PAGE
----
Great.  The repairs needed to be done; I just hadn’t expected them right now. At this point, I don’t have enough money to pay the bill and go to the conference. The Jeep will be fixed and I’ll be sitting home.

So I’m sitting here ready to bang my head against the wall in frustration.

Writing requires experience – new experiences, adventures, networking. Hitting the road with Bandit is part of the book idea. But if I can’t afford to go, I can’t write about it. Hence, no new ideas to write about. No new ideas, no new writing opportunities. No writing, no income. No income, no adventures. It’s a vicious cycle, one that has kept me not only lacking in new ideas but in a personal rut. Did I say rut? I meant hole. Deep hole. Cavernous hole. Can you hear the echo?

My mom keeps offering me money, and my sister has offered a ‘gift’, too, so I put up a little ChipIn box in case anyone wants to contribute to the adventure. I call it “reader supported writing”. But there’s a limit to what I feel comfortable taking when I give nothing back in return. If this were a mission trip, or if I was doing something that would benefit mankind, I wouldn’t think twice about asking for contributions. But this is selfish – a writing conference, a weekend away with my dog. I mean, really. There are people starving and jobless and this is what I’m worried about?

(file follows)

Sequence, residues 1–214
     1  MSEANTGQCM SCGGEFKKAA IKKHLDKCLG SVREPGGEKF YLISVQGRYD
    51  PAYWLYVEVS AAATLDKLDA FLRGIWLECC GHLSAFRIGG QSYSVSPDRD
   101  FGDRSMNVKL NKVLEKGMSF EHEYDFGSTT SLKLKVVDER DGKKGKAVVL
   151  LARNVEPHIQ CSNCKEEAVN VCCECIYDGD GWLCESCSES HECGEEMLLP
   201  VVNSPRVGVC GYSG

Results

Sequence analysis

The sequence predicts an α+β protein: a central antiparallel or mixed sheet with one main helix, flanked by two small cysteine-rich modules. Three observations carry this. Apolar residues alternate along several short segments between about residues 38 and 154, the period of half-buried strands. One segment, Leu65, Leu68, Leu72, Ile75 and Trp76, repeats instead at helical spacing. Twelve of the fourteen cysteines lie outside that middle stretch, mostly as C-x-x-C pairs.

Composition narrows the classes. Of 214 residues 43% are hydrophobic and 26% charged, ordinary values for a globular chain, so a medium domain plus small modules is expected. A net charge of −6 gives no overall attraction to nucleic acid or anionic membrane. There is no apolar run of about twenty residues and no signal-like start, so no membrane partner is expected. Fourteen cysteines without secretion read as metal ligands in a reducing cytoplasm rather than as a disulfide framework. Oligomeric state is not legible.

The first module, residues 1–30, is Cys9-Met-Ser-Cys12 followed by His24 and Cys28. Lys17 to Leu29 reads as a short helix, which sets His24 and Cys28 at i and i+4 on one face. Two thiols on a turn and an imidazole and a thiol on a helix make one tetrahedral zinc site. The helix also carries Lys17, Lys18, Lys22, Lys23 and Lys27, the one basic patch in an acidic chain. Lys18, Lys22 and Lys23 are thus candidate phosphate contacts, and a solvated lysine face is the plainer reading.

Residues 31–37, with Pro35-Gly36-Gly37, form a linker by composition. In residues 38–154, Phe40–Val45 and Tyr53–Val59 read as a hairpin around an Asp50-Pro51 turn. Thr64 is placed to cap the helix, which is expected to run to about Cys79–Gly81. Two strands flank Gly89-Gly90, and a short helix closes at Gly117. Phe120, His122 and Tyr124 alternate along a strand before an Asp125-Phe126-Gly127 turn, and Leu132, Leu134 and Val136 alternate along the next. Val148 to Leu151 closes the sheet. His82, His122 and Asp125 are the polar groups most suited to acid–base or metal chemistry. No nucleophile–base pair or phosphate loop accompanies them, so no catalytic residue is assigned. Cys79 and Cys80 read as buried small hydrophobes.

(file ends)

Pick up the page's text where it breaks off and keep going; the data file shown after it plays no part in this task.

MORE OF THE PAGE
It’s not like I’m lusting for expensive new cars or million dollar homes. I have a used Jeep that I love, that makes hauling dogs around a breeze. I have dogs that cost hundreds (and close to thousands) in vet bills. I don’t want to cost a lot, but I do.

Oh poop. I suppose this is part of the adventure. I told my sister to pray for a book deal and a little advance that will help cover the costs of more adventures to write about. Until then, I’m going to crack open a bottle of wine and have a good cry.

ChipIn to help Bandit go to BlogPaws

Bandit created a ChipIn page to help raise money to pay for our trip to BlogPaws. This isn't a running total; click the image to go to his page to donate or see current totals.

I generally don’t like taking money from people. When I owned my tea shop (Elizabeth’s Tea Emporium) I often gave away more tea than I sold. Which is why I’ll never own another retail business.

So when people have been offering me money to help pay for my upcoming trip with Bandit to BlogPaws, I’ve turned it down. Well, today I got the total for repairs to the dogmobile so we can travel safely, and … er … OK. I’m open to donations.